What happened

Shares of luxury furniture retailer RH (NYSE:RH), formerly known as Restoration Hardware, are rocketing higher today after the company reported results for its fiscal second quarter of 2020. Q2 net revenue was up less than 1%, which appears lackluster at first glance. But dig deeper and you'll find demand for the company's products is soaring, leading to much-improved profitability.

As of 10:30 a.m. EDT, RH stock was up 24% for the day -- spiking above $400 per share for the first time ever. It's been quite a year for the stock. After crashing more than 50% early in the year, it's gone on to trounce the market -- nearly doubling so far year to date.

RH Chart

RH data by YCharts

So what

For RH, demand is defined as an undelivered order. Once the customer gets the product it's counted as revenue. So revenue was only up marginally in Q2, but total company demand was up 16% year over year. The COVID-19 pandemic complicated the supply chain, so RH wasn't able to deliver products as it normally would.

However, so far, RH has seen few cancellations. This gives hope that strong demand will translate to strong revenue growth over the next few quarters. Furthermore, demand appears to have just started growing. Total company demand was down 1% in May but was 38% higher this August compared to August 2019.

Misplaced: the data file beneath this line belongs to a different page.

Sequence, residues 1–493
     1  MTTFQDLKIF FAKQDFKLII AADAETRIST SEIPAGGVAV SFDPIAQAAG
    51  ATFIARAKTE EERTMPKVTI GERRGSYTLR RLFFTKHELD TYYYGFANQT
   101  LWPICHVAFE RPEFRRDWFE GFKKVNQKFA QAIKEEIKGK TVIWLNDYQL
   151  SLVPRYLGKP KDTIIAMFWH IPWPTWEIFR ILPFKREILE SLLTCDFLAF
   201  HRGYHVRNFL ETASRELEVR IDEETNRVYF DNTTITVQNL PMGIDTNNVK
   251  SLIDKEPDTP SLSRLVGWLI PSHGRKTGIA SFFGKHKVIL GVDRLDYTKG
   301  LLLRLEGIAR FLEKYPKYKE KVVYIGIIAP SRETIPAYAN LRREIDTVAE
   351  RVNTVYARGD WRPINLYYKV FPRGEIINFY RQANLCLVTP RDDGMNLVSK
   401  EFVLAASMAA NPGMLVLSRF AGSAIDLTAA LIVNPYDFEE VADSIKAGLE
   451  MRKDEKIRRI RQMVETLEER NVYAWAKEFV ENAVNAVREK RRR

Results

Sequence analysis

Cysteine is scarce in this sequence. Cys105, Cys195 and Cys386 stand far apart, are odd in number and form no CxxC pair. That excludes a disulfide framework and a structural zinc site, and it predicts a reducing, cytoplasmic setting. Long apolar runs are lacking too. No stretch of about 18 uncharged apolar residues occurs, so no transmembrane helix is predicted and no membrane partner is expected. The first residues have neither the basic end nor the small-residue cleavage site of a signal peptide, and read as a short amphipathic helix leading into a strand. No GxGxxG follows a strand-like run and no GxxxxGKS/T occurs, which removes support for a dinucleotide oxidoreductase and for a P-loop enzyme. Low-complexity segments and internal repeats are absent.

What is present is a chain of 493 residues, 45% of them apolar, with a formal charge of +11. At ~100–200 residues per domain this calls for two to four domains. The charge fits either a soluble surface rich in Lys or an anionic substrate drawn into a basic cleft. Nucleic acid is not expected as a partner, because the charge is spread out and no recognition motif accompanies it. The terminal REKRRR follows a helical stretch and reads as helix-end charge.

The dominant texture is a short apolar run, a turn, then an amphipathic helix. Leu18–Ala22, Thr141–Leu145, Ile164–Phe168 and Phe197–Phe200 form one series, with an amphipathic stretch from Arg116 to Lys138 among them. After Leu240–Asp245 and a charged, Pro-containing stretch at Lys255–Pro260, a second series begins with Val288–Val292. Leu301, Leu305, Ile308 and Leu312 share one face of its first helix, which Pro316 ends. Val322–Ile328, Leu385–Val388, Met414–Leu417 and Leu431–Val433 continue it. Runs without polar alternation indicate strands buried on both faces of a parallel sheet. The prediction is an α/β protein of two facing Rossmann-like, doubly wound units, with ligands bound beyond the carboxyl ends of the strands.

With disciplined management and improving demand, RH's bottom line grew in Q2. According to generally accepted accounting principles (GAAP), diluted earnings per share increased 30% year over year to $3.71. Free cash flow, a non-GAAP metric, increased to $218 million compared to $109 million last year.

"The emergence of RH as a luxury brand generating luxury margins has arrived years sooner than expected," CEO Gary Friedman said in his Q2 letter to shareholders.

A businessman rides a rocket ship expelling cash exhaust over a multi-colored bar chart.

Image source: Getty Images.

Now what

Despite the strong demand right now, RH management refrained from issuing guidance for the rest of the year. It believes the suburbanization trend (white-collar workers migrating out of big cities) is real and will provide a long-term tailwind. But it's too early for this retail chain to make concrete projections.

However, looking beyond this year, RH still believes it can provide annual net revenue growth of 8% to 12% and annual adjusted net income growth of 15% to 20% on its way to becoming a $20 billion brand. 

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